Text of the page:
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Coping with the Stigma of a Mental Illness

Despite an increased acceptance and understanding of mental illness in recent years, there is still a stigma attached to having a mental illness.

Families of people diagnosed with a mental illness can take certain steps to help cope with the stigma. These steps include:

Remembering that you and your loved ones have choices— Whom you wish to tell about the mental illness and what you want another to know, is your decision.

Remembering that you are not alone—Many people cope with having a mental illness. Depression, anxiety, substance abuse, and other mental health problems are common.

Keeping hope and remembering that treatment works—Safe and effective medicines and psychosocial treatments are available; newer treatments are being developed. As a result, most individuals with mental health issues enjoy productive lives.

Supporting your loved one as he/she seeks help—Mental health treatment can be difficult. Patience is often needed when trying new medicines. Coping with side effects and learning new behaviors are often frustrating, but, in the long run, rewarding. Supporting your loved through the journey to stability and wellness is important.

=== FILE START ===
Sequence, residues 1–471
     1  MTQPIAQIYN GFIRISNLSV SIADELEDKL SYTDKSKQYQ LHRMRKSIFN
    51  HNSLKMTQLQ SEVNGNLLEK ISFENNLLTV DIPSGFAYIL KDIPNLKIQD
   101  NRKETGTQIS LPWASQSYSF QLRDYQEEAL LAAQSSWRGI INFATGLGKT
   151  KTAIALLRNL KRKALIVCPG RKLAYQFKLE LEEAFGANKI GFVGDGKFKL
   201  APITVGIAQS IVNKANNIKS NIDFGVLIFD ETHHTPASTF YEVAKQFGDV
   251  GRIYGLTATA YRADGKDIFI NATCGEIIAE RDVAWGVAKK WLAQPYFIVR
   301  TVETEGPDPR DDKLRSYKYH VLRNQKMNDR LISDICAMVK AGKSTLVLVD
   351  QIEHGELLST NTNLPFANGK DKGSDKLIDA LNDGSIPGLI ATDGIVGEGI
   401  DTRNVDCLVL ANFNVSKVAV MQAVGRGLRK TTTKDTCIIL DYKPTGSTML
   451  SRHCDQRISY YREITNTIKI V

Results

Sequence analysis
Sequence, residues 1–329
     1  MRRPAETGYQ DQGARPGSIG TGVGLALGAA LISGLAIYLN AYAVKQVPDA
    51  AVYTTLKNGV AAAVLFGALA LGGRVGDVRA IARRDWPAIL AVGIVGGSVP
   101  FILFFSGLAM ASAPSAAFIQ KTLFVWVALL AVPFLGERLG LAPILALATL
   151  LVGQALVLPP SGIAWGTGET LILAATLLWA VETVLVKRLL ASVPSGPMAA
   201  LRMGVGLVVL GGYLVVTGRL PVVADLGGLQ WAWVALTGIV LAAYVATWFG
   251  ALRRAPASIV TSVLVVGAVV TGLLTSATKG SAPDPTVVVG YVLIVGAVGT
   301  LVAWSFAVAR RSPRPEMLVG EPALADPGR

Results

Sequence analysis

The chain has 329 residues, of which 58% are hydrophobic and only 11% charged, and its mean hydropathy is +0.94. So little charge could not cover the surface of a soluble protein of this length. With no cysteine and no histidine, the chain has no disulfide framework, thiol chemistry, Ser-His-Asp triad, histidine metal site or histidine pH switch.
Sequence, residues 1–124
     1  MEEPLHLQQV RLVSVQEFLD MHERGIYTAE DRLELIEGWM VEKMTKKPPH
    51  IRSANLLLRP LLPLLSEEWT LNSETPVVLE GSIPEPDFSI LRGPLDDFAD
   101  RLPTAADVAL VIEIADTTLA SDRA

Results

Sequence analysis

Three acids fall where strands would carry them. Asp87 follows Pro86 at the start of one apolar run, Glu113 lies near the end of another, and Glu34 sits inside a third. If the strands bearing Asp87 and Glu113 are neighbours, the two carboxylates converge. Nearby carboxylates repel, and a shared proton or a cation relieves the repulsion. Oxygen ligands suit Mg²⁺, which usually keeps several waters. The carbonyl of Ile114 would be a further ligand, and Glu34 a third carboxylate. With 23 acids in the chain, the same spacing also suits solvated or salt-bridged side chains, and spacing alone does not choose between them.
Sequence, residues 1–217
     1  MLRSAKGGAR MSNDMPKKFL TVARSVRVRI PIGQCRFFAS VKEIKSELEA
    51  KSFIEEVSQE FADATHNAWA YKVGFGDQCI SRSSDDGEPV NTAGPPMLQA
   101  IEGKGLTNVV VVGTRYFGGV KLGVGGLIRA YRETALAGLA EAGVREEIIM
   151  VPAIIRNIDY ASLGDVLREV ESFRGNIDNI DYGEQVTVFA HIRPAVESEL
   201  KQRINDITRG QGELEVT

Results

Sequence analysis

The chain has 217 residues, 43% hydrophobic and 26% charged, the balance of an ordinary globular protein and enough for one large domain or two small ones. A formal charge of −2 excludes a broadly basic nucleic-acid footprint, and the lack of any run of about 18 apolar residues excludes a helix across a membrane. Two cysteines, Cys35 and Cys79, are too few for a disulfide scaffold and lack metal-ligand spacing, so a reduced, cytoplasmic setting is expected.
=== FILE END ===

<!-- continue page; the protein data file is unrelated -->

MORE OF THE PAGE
Remaining active and surrounding yourself with supportive people—Social isolation can be a negative side effect of the stigma linked to mental illness. Isolating and discontinuing enjoyable activities put you at high risk for depression and burnout. Take a risk and try new activities in your community. You might want to investigate the local chapter of National Alliance for the Mentally Ill (NAMI) or a volunteer organization.


© Copyright 1995-2012 The Cleveland Clinic Foundation. All rights reserved.

This information is provided by the Cleveland Clinic and is not intended to replace the medical advice of your doctor or health care provider. Please consult your health care provider for advice about a specific medical condition. This document was last reviewed on: 3/8/2012...#12270